|Searching for Fields in the Database||KEVIN RESCHENBERG|
Last week's post discussed
modifying your setup data while the system is in production.
You might do this to clean up or correct a faulty setup. I introduced
the idea of what I call an "in-place conversion," where you map
your setup data (departments or business units, for example) to new
values and simply change all existing data to the new values,
without inserting new rows. The question was, how can we reliably
find all occurrences of a particular field—department ID, for
example—in the entire database?
Our first idea might be to ask both the functional and technical
team members to list all of the tables they know of that contain
the field. This might be an interesting exercise but it's nowhere
near reliable enough for our purposes. Of course, if you have
someone who insists he can just give you the list, don't fight
it. Thank him for the offer...and then continue with developing
your own list.
The next idea could be to open the field definition for DEPTID
in Application Designer and do a "find object references." That
works—but for DEPTID only. What about a field name such as
OLD_DEPT? That field probably contains department IDs as well.
What if a developer created a field called X_COST_CENTER and
filled it with department IDs? Or, to take another example, suppose
that you are converting all of your employee IDs. Did you remember
SUPERVISOR_ID, which contains employee IDs but doesn't sound anything
like EMPLID? The list you can get using
"find object references" is good as a sanity check. However,
it will not only miss relevant fields, but it will also list
tables that are empty.
Your PeopleSoft system contains thousands of tables. But
if you look at a random sample, you will see that most are
empty. We shouldn't need to be concerned about these, because
there is no data to convert.
Here is a method I've used in the past to find all of the fields
in all of the tables containing a particular type of data.
Let's continue with DEPTID as an example.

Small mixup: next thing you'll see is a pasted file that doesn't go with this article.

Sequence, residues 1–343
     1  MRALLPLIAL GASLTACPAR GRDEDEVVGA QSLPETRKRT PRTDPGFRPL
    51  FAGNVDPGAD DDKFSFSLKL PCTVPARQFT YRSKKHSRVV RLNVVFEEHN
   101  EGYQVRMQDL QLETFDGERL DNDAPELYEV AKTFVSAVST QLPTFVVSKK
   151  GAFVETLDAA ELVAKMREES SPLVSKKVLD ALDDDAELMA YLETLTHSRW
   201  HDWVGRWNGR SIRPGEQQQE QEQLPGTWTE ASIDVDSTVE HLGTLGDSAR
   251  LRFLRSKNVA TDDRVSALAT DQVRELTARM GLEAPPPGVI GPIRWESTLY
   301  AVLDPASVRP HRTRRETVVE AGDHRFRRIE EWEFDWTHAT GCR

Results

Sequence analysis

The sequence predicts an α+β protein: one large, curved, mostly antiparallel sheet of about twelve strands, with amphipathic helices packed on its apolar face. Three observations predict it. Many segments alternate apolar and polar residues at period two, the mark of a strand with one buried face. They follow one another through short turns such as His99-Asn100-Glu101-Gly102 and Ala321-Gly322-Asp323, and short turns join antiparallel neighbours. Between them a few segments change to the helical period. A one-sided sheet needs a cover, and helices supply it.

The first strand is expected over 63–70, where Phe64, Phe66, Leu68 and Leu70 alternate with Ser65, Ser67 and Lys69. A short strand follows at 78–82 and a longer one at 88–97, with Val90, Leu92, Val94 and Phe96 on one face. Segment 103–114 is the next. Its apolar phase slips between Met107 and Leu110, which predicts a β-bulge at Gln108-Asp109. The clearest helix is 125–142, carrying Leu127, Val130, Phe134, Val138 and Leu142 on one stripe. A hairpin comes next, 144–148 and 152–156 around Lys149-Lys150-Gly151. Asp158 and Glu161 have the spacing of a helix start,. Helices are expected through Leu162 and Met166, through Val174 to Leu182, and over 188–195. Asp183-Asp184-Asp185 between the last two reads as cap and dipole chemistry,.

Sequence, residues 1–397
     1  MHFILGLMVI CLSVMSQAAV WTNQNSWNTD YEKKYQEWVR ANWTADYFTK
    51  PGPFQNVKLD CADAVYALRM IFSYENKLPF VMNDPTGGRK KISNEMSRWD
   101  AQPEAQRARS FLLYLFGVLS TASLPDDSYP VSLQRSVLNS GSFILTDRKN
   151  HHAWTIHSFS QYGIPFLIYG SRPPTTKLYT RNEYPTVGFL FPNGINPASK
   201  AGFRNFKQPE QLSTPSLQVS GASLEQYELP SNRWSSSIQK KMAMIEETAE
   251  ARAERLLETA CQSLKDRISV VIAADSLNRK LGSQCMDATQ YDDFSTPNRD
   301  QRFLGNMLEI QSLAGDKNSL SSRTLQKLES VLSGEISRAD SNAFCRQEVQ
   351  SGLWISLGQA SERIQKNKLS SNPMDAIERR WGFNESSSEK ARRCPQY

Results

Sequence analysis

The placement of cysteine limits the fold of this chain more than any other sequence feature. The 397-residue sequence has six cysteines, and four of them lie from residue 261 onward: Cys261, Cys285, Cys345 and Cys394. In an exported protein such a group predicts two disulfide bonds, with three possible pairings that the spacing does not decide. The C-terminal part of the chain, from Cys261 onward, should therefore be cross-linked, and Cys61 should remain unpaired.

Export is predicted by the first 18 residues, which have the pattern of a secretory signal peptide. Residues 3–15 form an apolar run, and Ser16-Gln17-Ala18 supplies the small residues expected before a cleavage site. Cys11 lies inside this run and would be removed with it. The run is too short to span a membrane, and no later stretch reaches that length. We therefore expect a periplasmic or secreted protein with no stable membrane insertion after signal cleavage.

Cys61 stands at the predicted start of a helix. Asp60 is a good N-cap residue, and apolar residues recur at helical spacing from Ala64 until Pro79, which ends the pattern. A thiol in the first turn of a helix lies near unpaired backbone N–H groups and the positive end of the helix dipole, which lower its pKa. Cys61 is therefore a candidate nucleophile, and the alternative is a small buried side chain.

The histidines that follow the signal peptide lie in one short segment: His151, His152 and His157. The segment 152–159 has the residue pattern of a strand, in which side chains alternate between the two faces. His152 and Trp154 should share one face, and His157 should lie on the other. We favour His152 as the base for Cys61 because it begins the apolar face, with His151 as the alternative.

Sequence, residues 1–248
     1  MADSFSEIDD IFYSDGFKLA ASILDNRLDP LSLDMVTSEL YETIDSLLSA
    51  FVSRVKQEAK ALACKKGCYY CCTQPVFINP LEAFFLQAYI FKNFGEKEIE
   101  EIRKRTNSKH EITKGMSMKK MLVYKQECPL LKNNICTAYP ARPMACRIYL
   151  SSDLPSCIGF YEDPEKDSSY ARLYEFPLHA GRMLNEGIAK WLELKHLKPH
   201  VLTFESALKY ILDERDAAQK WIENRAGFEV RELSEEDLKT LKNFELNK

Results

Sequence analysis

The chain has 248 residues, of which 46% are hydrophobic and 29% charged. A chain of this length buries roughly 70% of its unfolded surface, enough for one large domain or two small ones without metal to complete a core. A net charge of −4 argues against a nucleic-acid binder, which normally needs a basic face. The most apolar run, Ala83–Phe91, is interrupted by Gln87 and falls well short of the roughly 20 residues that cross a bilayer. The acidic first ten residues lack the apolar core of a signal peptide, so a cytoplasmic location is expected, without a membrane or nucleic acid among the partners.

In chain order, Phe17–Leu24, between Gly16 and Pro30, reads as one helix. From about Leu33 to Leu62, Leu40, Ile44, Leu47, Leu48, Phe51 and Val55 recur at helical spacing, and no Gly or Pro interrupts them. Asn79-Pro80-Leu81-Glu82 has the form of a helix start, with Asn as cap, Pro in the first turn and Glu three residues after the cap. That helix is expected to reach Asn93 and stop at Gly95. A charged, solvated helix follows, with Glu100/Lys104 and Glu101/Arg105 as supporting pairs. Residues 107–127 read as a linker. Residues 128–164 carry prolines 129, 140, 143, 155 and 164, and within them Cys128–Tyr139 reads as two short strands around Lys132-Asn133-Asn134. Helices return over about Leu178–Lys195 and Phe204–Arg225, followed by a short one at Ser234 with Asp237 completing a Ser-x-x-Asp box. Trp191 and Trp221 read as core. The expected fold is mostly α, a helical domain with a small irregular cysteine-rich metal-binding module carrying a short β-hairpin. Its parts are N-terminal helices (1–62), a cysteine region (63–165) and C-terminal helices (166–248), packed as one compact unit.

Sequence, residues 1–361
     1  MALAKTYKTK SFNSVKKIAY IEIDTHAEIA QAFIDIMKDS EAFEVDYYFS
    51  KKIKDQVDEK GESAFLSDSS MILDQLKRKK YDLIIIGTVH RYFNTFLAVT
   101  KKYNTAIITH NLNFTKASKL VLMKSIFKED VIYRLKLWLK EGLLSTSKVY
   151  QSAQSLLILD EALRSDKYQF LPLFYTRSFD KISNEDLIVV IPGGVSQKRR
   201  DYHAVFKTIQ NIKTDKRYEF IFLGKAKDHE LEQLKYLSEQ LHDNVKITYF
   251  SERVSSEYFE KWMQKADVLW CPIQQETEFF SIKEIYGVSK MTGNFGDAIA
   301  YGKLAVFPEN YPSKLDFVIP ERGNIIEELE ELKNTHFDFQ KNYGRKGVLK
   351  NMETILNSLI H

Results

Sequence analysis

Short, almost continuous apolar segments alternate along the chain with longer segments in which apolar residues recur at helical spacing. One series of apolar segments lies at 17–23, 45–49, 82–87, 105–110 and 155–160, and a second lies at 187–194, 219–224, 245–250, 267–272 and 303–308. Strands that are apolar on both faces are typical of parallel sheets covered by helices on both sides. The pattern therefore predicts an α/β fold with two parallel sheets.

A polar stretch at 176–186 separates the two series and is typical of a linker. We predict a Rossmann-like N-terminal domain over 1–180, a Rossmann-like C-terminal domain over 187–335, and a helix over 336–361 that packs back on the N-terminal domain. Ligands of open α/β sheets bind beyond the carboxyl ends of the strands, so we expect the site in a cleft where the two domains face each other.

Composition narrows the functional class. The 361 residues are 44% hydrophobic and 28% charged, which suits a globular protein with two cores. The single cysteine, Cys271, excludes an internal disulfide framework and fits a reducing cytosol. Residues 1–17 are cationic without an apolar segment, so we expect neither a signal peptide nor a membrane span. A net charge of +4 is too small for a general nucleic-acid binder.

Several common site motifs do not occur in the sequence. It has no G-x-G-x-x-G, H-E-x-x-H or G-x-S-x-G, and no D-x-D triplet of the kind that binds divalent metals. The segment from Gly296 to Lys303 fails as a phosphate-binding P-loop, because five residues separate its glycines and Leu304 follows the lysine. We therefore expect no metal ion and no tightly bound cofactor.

First, identify the main "prompt" table for this field. This
would be DEPT_TBL or DEPARTMENT_TBL, depending on the product
you have. For employee IDs, the prompt table would be
PERSONAL_DATA or PERSON, depending on the release.
Next, create a program (SQR is great for this) that scans
every field on every table having the characteristics of a
department ID field, using dynamic SQL. DEPTID is a 10-character field.
PSDBFIELD will give you all of the 10-character fields,
and then PSRECFIELD will give you all of the "records" containing
each of these fields. Join it with PSRECDEFN and select only
records of type "0" to get only the actual physical tables.
We are not interested in views, derived records and other types.
We are, however, interested in subrecords. There are two ways to
go about handling these. You can expand them yourself or use
the database's own internal tables to find the fields on the
tables, bypassing the Tools tables. I've found it convenient
to create my own temporary RECFIELD table by expanding all
subrecords first. Another way is to write a separate procedure
in your SQR to expand any "field" that is actually a subrecord.
This can be done recursively, or just expect a certain number
of levels. Two levels of nesting should be sufficient.
Now for the main operation. With each table/column ("record/field")
combination, read the data from the table. Then look up the
value in the prompt table. If you get a lot of matches you
probably have a "hit" and should list this table/column
combination. For example, if all of the non-blank values in PS_MY_TABLE's
X_COST_CTR field can be found in PS_DEPT_TBL, then X_COST_CTR
is almost certainly a department ID field. You might want to
set a slightly lower percentage to allow for any bad data—e.g.,
if 90% of the non-blank values match, report a hit.
Earlier I said that we would search for all 10-character fields.
But what if a developer created a custom field X_COST_CTR with
only 5 characters, because all of your department IDs are 5
characters long? Or what if the developer
decided to use DESCR to hold department IDs, just to avoid
creating a new field? (I've seen
stranger things!) For a much more thorough search, you might
consider looking at fields that are longer or shorter than
10 characters. Of course, if your department IDs are 5 characters
long, you don't need to look at any fields defined as shorter
than 5 characters.
The SQR puts together a SELECT for each table/column
combination, using dynamic SQL, and executes it. It then
lists all of the possible hits. The last step is to print
the list and go over it. There will be entries on this list
that can be eliminated for one reason or another. Then, with
the final list, you can create SQL to do the actual conversion.
You are probably objecting that the search method described
above would run forever. In practice, though, I've found that
it takes much less time than might be expected—maybe a couple of
hours of run time. It's also a generalized method that can be
used for just about any field you need to convert.